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12/23/21 • 14 min

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Can You Play D&D with 2 Players

How to Be a Better DM

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12/16/21 • 11 min

Can You Play D&D with 2 Players

Welcome back to the 23rd episode How to Be a Better DM. I’m your host Justin Lewis and I’m here to help you craft more immersive stories for yourself and your players as you DM a session of D&D 5e.

Thanks for coming back week in and week out to listen to this show. I am extremely grateful to you for your support.

I’d like to invite you to sign up for a monthly newsletter I’ll send out with updates and behind the scenes content as well as free home brew content that you can try in your campaigns. If you would like to sign up for that, click this link: https://mailchi.mp/05e568274671/subscription-page

So, you are wondering, can you play D&D with 2 players?

Simple answer: Yes.

But how do you make it incredibly fun?

Here’s how.

  1. Make sure you create a character as the DM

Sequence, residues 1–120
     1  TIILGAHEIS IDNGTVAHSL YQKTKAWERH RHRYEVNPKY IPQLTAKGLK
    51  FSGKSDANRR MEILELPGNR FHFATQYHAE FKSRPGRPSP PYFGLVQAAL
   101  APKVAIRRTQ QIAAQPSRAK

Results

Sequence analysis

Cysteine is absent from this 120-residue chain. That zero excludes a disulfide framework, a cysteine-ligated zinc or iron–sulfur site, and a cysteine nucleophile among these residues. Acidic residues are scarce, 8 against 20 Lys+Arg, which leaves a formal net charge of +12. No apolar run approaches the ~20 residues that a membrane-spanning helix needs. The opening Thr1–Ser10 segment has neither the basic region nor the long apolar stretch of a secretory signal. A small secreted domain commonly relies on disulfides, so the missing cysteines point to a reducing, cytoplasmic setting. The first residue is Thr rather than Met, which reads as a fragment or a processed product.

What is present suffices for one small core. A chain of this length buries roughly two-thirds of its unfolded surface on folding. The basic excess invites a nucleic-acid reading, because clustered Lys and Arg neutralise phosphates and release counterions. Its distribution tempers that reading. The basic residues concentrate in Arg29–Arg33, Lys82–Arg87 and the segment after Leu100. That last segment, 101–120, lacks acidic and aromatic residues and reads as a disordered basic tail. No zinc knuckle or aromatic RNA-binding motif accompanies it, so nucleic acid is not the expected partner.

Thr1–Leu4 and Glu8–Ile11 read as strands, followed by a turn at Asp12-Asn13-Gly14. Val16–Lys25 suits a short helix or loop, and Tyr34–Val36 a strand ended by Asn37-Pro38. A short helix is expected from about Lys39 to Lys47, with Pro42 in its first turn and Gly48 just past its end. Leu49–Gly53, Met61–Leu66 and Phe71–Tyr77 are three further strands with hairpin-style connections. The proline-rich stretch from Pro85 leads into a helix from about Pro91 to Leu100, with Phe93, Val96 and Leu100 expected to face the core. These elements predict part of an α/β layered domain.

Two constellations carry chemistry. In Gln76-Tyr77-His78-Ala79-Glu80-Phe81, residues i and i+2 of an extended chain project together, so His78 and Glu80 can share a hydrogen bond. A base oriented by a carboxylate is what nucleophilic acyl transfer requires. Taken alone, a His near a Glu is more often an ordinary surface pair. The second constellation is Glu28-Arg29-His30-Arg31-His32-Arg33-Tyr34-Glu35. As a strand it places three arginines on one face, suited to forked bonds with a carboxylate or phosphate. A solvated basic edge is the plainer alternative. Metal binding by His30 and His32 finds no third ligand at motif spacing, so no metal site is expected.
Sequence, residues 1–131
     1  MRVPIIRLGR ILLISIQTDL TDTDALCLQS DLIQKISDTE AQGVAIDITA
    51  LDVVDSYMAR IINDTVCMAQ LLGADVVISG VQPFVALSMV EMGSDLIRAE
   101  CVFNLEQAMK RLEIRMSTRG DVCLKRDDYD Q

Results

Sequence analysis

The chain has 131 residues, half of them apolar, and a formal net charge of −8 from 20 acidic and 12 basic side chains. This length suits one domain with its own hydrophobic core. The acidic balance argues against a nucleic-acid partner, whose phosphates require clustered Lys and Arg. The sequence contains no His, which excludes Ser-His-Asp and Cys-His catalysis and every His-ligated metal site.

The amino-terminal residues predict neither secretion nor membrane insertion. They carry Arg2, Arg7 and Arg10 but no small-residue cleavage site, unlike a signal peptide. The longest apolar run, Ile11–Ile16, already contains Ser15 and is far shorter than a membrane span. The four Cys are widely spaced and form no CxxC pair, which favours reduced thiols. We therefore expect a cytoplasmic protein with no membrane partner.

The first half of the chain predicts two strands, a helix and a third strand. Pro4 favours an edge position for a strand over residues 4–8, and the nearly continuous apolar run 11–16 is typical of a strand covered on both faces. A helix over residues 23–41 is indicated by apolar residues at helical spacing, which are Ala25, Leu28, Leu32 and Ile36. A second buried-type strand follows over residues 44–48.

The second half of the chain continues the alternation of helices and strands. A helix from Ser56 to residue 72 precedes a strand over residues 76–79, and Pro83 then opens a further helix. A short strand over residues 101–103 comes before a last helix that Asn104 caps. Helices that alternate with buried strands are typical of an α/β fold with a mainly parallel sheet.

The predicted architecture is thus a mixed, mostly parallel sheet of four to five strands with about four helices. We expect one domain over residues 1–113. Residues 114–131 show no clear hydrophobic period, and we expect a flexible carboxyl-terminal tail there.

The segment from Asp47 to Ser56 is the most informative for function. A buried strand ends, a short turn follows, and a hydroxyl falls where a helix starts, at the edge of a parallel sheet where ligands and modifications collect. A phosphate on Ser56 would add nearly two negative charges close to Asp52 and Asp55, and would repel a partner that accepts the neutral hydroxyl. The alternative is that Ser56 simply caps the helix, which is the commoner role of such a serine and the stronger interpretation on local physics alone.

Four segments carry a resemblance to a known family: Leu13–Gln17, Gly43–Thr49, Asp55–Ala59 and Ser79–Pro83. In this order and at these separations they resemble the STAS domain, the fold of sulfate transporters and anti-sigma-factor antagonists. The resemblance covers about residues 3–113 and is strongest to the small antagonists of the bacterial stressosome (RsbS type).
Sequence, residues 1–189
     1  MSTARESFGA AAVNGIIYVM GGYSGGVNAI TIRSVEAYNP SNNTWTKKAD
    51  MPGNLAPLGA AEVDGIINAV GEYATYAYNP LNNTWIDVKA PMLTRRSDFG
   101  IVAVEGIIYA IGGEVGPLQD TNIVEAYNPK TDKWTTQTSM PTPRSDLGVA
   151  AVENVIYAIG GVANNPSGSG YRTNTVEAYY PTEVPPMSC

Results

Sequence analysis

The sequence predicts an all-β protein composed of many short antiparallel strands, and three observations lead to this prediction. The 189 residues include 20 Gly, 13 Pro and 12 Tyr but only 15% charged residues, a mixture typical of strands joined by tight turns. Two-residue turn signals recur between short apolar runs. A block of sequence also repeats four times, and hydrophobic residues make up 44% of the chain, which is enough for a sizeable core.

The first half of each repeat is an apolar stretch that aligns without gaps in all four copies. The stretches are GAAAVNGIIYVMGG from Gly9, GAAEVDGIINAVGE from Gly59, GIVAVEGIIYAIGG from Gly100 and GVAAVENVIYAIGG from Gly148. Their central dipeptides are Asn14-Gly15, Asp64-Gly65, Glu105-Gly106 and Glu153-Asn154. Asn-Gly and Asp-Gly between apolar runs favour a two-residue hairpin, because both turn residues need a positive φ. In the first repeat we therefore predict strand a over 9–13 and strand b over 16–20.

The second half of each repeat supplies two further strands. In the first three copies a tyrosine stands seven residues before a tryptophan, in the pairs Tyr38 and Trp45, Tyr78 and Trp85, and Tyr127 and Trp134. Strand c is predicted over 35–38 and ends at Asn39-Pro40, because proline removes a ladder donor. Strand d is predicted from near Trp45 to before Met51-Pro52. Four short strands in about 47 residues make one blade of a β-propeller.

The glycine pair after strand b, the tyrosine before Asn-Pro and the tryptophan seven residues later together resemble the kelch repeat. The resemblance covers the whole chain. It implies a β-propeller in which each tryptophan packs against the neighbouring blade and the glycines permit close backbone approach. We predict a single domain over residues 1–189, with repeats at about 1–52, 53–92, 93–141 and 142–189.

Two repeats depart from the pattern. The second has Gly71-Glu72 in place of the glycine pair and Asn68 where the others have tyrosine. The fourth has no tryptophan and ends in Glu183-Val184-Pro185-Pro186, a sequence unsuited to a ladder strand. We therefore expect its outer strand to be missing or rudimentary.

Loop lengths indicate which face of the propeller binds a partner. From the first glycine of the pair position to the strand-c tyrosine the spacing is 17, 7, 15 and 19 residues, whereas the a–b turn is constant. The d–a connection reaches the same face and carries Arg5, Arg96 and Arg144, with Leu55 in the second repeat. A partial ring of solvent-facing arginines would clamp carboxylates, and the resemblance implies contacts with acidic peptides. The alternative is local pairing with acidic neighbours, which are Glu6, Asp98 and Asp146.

Playing with just one player is a great opportunity to make your own character as the DM. You’ll have fun being a player and it will give you a great chance to focus on your role-playing skills as well. You just need to make sure that your player is the star and has just as much fun as you do.

  1. Make the sessions much looser.

Having one player makes it much easier to follow every single side quest of your player. This means that you can follow every rabbit hole and improvise without worrying about making sure each player gets fair time.

  1. Dive deep into the back story

With one player you can work deeply on their backstory. You can spend much more time working with your player on hashing out their character’s quirks and really generating a backstory with twists and turns that your player will enjoy.

  1. Don’t focus on long sessions

With just one other player you won’t want to expect extremely long sessions. If you do your job and make the sessions really fun then you’ll have no problem doing long sessions but with two people it might get stale. Be prepared to be flexible with how long you and your player play.

  1. Make sure you and your player get along